|As the Olympics Approach, Women Concerned with the Indignity Exemplified|
Those who carry the International Olympic torch exemplify the dignity, strength and perseverance of humankind. Ironically, the torchbearers for the Salt Lake City-based Olympics will be wearing uniforms that exemplify the opposite of these.
The Economic Justice office of the Women's Division of The United Methodist Church signed on to two letters this week with the Free Burma Coalition and other organizations concerned with human rights in Burma (Myanmar). One letter has been sent to Jacque Rogge, International Olympic Committee (IOC) president. The other letter is going to Daryl Santos, president of Marker Outerwear, who makes the torch bearer's uniforms.
One letter demands that Marker Outerwear take immediate action to end all sourcing, licensing, and/or retailing of products made in Burma and to end all ties to the military dictatorship of the country. Burma has become known internationally for slave labor and human rights abuses. The letter to the Olympic Committee seeks clarification on the committee's contract with Marker Outerwear as an official supplier to the Olympics and asks that the committee denounce further production in Burma.
"Given that the Olympic charter calls for the preservation of human dignity, the International Olympic Committee's purchase of goods from Burma undermines the very ideals that the Olympic Games promote," says the letter. "We hope that our discovery of the Burmese-made Olympic Torchbearer uniforms was a dramatic oversight by the committee."
The letter goes on to ask the IOC to make a public statement denouncing the further use of production in Burma.
Both letters explain that Burma's ruling military regime employs a brutal system of forced labor. From 1996-1998, the International Labor Organization (ILO) carried out a monumental investigation into forced labor in Burma. More than 10,00 pages of documents, 246 interviews with refugees, and information from government sources comprised a comprehensive report on the situation in Burma. The report called the situation: "a saga of untold misery and suffering, oppression and exploitation of large sections of the population inhabiting Myanmar (Burma) by the Government, military and other public officers."
The government of Burma has pressed over 5.5 million people, 11 percent of the population, into slavery in the past decade. That's comparable to the number of slaves in the United States at the beginning of the Civil War, according to a Women's Division-produced video about the issue. The recognition of severe human rights violations is not unrecognized by other companies. In the past 19 months, 26 U.S. clothing companies have cut ties to Burma. Wal-Mart, IKEA and Spiegel, who had products made there, will no longer accept merchandise made in this country.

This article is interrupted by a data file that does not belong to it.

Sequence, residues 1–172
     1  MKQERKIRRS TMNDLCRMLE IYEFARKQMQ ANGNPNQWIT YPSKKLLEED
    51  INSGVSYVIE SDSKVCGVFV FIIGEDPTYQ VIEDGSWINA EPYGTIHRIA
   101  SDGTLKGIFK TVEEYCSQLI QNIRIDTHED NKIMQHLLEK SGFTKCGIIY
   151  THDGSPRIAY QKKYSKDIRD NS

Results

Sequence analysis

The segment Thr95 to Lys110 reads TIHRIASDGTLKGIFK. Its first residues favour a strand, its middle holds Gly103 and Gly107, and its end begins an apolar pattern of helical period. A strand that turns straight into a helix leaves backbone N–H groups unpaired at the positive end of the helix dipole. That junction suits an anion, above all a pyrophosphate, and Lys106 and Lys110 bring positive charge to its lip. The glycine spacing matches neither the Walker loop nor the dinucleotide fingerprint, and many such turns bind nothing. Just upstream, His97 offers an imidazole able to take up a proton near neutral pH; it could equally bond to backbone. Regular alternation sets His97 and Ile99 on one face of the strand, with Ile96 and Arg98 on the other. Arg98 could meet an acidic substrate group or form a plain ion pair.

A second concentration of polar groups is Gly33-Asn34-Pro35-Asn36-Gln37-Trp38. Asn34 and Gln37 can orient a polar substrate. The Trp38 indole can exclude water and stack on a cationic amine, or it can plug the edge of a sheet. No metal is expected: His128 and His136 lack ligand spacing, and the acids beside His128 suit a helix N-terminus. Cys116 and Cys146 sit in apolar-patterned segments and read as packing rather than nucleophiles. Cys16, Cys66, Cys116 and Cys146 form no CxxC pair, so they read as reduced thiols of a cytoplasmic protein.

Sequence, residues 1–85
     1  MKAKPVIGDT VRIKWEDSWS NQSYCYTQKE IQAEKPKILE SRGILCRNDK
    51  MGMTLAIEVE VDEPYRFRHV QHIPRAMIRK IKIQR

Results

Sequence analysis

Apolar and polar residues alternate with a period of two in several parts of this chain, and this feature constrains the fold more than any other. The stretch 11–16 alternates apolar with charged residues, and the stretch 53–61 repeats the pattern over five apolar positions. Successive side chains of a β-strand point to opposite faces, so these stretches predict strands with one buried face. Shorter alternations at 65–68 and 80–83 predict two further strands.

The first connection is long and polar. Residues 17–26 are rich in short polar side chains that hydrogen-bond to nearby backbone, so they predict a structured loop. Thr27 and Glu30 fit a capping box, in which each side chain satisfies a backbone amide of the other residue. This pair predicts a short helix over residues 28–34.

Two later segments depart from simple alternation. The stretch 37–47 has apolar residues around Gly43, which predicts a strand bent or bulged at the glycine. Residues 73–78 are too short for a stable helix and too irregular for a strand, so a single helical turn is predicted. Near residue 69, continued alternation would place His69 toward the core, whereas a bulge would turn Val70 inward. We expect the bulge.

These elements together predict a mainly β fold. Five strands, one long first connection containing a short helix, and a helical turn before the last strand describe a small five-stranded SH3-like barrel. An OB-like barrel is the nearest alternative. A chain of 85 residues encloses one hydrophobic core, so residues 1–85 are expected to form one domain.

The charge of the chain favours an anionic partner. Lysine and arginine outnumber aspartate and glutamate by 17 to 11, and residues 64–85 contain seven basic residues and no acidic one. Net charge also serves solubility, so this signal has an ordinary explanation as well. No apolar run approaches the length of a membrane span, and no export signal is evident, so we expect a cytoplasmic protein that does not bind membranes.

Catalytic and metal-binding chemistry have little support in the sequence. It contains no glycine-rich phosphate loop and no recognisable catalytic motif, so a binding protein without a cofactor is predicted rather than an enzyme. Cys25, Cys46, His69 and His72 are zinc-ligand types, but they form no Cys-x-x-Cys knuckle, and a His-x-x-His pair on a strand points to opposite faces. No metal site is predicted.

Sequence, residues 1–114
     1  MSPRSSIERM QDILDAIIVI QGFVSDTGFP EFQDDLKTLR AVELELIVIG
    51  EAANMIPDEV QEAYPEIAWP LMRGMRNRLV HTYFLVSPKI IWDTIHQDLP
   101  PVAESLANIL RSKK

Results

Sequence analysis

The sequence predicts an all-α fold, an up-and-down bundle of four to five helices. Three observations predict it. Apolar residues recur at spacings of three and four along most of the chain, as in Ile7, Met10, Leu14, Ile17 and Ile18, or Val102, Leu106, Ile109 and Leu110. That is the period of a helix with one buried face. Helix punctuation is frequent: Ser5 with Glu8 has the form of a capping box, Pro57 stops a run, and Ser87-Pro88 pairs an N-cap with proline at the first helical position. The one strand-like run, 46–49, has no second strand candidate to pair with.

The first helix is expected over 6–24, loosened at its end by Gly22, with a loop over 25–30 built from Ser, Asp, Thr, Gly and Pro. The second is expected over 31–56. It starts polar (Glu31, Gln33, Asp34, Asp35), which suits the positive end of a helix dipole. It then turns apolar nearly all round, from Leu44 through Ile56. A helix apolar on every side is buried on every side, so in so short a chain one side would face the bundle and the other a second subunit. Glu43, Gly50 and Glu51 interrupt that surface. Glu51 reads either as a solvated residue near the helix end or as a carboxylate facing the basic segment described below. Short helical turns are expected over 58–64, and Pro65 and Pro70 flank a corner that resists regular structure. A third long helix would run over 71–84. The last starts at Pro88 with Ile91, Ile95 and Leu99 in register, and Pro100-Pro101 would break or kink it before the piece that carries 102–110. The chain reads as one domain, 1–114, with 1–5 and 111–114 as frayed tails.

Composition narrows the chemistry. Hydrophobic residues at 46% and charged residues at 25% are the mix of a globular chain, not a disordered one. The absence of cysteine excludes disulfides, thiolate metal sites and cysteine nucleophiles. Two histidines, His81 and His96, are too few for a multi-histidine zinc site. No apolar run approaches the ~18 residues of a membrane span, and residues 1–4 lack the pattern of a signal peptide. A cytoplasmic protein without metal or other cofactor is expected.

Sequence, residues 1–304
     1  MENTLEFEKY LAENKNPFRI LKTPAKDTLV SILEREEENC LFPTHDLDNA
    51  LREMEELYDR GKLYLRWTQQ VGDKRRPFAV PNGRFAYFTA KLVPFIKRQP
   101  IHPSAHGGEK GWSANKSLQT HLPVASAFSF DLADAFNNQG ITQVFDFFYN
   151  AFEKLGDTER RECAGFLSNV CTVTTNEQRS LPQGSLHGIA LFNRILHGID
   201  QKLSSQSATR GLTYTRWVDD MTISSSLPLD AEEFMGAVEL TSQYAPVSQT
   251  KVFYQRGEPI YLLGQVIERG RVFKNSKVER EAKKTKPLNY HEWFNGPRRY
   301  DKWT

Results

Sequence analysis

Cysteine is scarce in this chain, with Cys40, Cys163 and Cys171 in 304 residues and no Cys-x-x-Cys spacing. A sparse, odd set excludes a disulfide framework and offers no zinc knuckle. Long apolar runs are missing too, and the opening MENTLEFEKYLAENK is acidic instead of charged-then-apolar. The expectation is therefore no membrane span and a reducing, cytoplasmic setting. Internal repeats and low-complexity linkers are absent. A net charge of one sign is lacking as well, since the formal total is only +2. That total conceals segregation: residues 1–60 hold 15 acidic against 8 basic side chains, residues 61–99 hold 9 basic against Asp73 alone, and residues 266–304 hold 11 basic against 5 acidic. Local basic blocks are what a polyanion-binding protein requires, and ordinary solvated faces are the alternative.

The concern over labor in Burma is an ongoing issue for the Women's Division. A January 5 article in the Washington Post credits the Free Burma Coalition and supporting organizations as "using pressure tactics like those anti-apartheid activists deployed against U.S. companies doing business in South Africa in the 1980s" in order to persuade U.S. companies not to do business in Burma.
"The coalition has linked with 26 other human rights, religious and labor organizations, including the American Anti-Slavery Group, the Women's Division of the United Methodist Church, the Lawyer's Committee for Civil Rights and the National Labor Committee," says the Washington Post article. In June 2000, the Women's Division signed on to an amicus brief presented to the U.S. Supreme Court. The Court looked at whether a Massachusetts law could limit state purchases in Burma because of the country's human rights' abuses. Massachusetts gave a 10% cost preference to bids from companies not doing business in Burma.
In March 2001, one Women's Division executive and two directors traveled to Burma to investigate the situation of women in that country. They found a country where women's voices were silenced, the government refused journalists access, and scores of people had been arrested for political reasons or because of their ethnicity.
Last summer, United Methodist Women at schools of Christian Mission and in their own units participated in letter-writing campaigns which led to the United States government issuing a list of products barred from federal purchase since they were produced in Burma.
The Women's Division represents United Methodist Women, a one-million member organization whose purpose is to foster spiritual growth, develop leaders and advocate for justice. Members raise more than $20 million a year for programs and projects related to women, children and youth in the United States and in more than 100 countries around the world.
Date posted: Feb 06, 2002